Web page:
CIO of CERN on black holes, budget crunches

q&a As head of IT, Wolfgang von Rueden plays a key role in the nuclear research lab's quest to unravel the nature of the universe through the Large Hadron Collider.

Few CIOs could claim to have helped recreate the Big Bang at work.

But as head of IT at CERN, Wolfgang von Rueden plays a key role in the nuclear research lab's quest to unravel the nature of the universe by colliding particles at 99 percent the speed of light.

Von Rueden and his team provide the computing backbone that supports the Large Hadron Collider (LHC) particle accelerator's hunt for the elusive Higgs Boson--dubbed the "God particle"--invisible dark matter, and even evidence of extra dimensions.

Wolfgang von Rueden
Wolfgang von Rueden CERN

Having joined the lab in Geneva in 1975, von Rueden has enjoyed a varied career, working on data acquisition and processing systems for the particle accelerators that preceded the LHC, before becoming head of the IT department at the beginning of 2003.

The department looks after the base infrastructure at CERN (European Organization for Nuclear Research) and runs its main computing center that will process petabytes of data from the LHC and helps coordinate and develop the Worldwide LHC Computing Grid, a global network of 100,000 processors that will make sense of the reams of data the LHC produces.

Silicon.com recently spoke with von Rueden about his day-to-day duties, the current economic woes, and the biggest misconceptions about CERN.

Q: What are your responsibilities at CERN?
Von Rueden: The control system used for the accelerators are run by the accelerator departments but we provide base infrastructure to everybody, including email, databases, networking, desktop support, Web services, and more.

What is the best thing about your job?
Von Rueden: I like developing new ideas and trying to make the almost impossible possible.

I have been here now for 34 years, and I have not ever had a dull day.

I've always enjoyed it and love to come into CERN. It's fun even when it's long working hours and tiring. We do it because we like what we do.

We have many people on short-term contracts, and it's very hard sometimes when people don't want to leave. We don't have problems finding people to work here.

What difficulties lie ahead for CERN's computing backbone?
Von Rueden: The problem is getting enough electrical power, as the computers need more and more electricity. We will run out of steam in about two years time in the current CERN Computer Center and are planning a new data center to keep up with the demand.

That is the same problem at all of our grid centers around the world. They all have got to look at how they can cut power usage by looking at new technologies, green IT, and so on. It's doable. It's just a case of funding.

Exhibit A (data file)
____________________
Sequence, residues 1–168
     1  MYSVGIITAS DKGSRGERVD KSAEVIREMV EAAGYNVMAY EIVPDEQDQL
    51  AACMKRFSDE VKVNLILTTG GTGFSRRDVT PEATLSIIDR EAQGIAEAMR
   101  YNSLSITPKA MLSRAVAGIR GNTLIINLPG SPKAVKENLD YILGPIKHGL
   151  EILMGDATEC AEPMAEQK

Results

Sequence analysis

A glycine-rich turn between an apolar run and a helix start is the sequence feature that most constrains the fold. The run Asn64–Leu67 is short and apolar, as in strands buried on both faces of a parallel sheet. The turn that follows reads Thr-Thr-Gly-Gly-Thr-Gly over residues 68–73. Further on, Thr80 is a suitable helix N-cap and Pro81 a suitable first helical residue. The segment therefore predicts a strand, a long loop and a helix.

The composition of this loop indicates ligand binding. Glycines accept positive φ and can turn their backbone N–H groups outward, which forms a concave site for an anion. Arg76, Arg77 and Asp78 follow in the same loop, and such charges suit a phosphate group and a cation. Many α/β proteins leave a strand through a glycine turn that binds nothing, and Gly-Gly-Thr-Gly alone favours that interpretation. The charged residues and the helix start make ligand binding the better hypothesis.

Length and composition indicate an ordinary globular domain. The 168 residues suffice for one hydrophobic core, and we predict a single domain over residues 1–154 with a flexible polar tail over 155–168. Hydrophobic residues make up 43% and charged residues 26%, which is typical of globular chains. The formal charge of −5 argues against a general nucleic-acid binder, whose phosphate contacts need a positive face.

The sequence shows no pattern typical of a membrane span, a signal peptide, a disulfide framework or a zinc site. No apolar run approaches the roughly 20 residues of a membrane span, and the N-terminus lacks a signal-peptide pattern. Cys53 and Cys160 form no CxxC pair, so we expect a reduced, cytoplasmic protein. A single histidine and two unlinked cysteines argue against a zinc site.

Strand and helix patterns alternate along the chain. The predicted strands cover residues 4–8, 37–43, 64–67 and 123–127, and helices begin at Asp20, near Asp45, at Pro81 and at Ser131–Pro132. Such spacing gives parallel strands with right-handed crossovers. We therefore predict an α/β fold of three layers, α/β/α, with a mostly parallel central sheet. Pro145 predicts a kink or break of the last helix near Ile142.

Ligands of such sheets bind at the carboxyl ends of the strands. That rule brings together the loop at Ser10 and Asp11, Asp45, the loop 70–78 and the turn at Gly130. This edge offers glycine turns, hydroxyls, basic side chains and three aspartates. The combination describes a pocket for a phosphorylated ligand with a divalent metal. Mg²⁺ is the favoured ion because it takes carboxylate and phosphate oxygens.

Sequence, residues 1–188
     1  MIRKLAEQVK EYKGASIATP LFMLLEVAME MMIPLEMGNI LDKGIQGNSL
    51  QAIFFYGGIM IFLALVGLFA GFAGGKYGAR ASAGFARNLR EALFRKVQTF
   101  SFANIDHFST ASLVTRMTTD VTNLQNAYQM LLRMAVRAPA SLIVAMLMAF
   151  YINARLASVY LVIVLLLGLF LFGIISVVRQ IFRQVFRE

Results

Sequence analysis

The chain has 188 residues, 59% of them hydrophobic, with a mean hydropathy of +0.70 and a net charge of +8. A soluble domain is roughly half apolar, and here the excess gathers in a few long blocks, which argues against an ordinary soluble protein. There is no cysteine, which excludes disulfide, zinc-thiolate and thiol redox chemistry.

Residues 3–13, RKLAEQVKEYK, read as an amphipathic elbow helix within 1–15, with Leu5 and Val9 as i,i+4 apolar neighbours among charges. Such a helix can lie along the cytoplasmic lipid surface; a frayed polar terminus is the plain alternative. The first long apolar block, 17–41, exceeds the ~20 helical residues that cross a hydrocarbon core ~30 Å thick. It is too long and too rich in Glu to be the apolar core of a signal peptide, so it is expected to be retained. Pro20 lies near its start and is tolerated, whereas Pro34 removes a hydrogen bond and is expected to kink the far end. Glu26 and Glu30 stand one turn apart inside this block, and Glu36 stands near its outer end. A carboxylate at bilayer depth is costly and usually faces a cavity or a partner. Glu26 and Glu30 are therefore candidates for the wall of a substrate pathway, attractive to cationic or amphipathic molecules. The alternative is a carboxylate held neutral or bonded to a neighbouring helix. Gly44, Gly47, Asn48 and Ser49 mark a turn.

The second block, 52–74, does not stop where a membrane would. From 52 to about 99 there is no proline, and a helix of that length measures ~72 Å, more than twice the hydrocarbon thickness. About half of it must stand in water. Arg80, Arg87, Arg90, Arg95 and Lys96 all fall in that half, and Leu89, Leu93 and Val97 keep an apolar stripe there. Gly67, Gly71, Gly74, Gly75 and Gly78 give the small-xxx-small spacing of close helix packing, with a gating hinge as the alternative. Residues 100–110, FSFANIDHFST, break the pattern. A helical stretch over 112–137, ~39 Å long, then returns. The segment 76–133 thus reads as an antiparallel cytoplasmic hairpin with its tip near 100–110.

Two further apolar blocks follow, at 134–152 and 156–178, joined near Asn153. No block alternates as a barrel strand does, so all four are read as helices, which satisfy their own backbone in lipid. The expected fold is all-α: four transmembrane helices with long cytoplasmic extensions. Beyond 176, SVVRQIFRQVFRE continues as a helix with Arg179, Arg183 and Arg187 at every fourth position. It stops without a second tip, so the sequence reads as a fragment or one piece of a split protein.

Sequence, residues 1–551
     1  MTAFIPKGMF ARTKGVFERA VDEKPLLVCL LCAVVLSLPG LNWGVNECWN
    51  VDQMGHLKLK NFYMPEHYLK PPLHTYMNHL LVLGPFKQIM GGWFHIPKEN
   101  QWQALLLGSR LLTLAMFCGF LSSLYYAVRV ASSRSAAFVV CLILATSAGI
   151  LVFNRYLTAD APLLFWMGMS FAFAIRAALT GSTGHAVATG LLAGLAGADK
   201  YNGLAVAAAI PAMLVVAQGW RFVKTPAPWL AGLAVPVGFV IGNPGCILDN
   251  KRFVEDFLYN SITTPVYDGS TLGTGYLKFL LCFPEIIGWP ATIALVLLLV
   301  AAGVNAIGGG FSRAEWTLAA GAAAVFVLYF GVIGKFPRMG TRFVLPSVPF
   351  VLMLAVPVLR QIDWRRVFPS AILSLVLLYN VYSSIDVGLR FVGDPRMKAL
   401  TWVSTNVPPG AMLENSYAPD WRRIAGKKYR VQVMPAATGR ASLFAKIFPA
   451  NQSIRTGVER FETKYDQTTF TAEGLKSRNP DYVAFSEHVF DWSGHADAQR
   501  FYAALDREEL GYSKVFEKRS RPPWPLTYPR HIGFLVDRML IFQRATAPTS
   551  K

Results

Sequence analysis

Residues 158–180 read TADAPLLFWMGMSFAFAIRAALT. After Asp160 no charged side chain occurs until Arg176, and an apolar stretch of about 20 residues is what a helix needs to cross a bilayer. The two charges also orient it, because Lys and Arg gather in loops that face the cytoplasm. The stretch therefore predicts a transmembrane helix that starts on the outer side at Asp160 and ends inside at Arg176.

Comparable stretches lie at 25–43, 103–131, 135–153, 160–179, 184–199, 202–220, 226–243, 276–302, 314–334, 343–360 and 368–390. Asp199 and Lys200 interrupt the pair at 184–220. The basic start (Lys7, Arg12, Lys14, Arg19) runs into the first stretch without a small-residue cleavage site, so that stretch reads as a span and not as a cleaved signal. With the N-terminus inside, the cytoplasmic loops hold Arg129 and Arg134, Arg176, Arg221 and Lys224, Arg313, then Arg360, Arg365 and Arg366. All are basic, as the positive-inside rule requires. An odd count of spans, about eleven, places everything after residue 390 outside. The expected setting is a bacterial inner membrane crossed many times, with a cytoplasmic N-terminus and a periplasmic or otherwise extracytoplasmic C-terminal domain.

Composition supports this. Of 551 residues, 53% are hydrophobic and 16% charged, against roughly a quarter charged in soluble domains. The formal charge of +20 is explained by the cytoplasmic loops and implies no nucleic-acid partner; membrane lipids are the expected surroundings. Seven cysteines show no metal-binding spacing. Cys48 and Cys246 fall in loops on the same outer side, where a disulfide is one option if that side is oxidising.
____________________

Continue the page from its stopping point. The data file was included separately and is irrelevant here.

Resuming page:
How much power we will need depends on how much data is coming out of the LHC. 2009 is going to be a very interesting year.

Do you think it will be possible to fund the Large Hadron Collider experiment in the current financial climate?
Von Rueden: I believe that it's wrong when you have a short fluctuation in the economy to slow down in investing in technology.

I think you have to do the opposite. When times are bad, you have to invest in fundamental science and education and pushing forward because that is going to get you the results you need to make things better and cheaper.

How will CERN and the LHC Worldwide Computing Grid benefit wider society?

Images: Where particles, physics theories collide
Click image for gallery on the Large Hadron Collider. Maximilien Brice for CERN

Von Rueden: As well as the work we do with business on CERN Openlab, there are a large number of different applications that (the grid is) being used for already today.

Of the different computing centers in the grid, several of them support multiple sciences such as biomedical applications, earth sciences, and astrophysics. They are not just supporting particle physics.

It's more a case of the communities using grid computing as they have a need for it. As particle accelerators got more and more complicated, our community was forced to work together on the same project rather than build separate accelerators.

What's the most ridiculous thing you've heard about CERN?
There was this hype about the grid replacing the entire Internet. It was nonsense; it was just not true. We use standard products. We are not revolutionizing technology. This was completely untrue.

Take the stories about black holes--also, rubbish. Take the stories about the hacking incident--what was reported was complete nonsense.

I am not that happy about the way that some journalists pick up something that is utter nonsense and you can guarantee a few hours later that it will be copied by other journalists.

I have just stopped reading the reports altogether.

 

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